Looking (TV series)

Looking is an American comedy-drama television series which ran on HBO from January 19, 2014, to July 23, 2016. Created by Michael Lannan and produced by David Marshall Grant, Sarah Condon, and Andrew Haigh, it stars Jonathan Groff, Frankie J. Alvarez, Murray Bartlett, Lauren Weedman, Russell Tovey, and Raúl Castillo. The show follows the experiences of three openly gay close friends living and loving in modern-day San Francisco.

Intertitle of the HBO series Looking.png
Created byMichael Lannan
Based onLorimer
by Michael Lannan
Country of originUnited States
Original language(s)English
No. of seasons2
No. of episodes18 plus special (list of episodes)
Executive producer(s)
Producer(s)Kat Landsberg
Production location(s)San Francisco
  • Jonathan Alberts
  • Andrew Dickler
Camera setupSingle
Running time30 minutes
86 minutes (2016 special)
Production company(s)Fair Harbor Productions
Original networkHBO
Picture formatHDTV 1080i
Audio formatSurround
Original releaseJanuary 19, 2014 (2014-01-19) –
July 23, 2016 (2016-07-23)
External links

Looking was praised for its writing, direction, the performances of the ensemble and its fresh take on an LGBT-centric narrative. Despite its critical success, its ratings did not meet network expectations, with an average viewership of only 1.5 to 2 million viewers, which led the show's cancellation after its second season. HBO ordered a one-time special to serve as the series' finale. The finale special aired on July 23, 2016, in the U.S. on HBO and on August 2, 2016, in the UK on Sky Atlantic.[1] In 2019, The Guardian ranked Looking among the "100 Greatest TV shows of the 21st century".[2]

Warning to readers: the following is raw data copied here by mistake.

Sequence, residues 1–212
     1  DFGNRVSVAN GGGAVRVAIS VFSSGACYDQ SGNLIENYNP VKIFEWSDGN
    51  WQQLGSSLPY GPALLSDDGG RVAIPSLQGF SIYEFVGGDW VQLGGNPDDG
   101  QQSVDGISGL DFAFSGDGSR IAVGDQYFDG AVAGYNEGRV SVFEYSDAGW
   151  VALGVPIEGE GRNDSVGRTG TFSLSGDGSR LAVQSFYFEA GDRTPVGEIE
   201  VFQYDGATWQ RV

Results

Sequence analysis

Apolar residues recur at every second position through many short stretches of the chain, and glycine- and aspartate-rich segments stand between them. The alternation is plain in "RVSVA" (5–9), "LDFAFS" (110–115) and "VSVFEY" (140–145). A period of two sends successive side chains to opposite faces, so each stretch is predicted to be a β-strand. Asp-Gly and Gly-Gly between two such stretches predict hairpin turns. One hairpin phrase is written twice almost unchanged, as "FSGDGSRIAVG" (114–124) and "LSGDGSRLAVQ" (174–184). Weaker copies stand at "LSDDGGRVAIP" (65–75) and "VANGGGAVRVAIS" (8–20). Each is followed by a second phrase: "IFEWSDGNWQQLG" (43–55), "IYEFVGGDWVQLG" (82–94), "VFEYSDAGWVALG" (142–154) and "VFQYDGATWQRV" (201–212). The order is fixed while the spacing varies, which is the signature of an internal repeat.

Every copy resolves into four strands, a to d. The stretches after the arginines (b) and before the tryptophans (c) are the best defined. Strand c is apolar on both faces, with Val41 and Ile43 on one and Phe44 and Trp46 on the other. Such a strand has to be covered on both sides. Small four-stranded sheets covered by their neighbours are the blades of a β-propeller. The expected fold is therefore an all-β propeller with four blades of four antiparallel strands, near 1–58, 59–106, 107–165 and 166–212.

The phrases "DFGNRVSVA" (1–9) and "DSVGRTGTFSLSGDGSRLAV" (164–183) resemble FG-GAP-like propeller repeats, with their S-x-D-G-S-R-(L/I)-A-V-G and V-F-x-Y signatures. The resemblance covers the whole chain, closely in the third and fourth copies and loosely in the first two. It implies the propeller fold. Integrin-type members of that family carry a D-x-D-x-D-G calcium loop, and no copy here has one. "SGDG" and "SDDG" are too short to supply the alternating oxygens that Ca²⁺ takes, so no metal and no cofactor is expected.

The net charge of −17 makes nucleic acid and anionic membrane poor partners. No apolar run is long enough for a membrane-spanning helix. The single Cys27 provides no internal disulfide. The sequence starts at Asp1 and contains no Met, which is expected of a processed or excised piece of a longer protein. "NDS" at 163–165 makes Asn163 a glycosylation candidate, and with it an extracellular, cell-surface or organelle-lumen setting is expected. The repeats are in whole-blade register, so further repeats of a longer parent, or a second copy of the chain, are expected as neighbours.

Patrick Murray, a 29-year-old video game designer, lives in San Francisco with his friends—aspiring restaurateur Dom and artist's assistant Agustín. Patrick has a tendency to be naïve and has been generally unlucky in love, but things in Patrick's life change upon meeting handsome yet humble Mission barber Richie and the arrival of his new boss, the attractive but partnered Kevin. Dom pursues his goal of opening his own restaurant with the support of his roommate, Doris, and the unexpected help of the successful and older San Francisco entrepreneur Lynn. Agustín struggles domesticating with his long-term boyfriend Frank and his stalling art career, as well as his penchant for recreational substance abuse.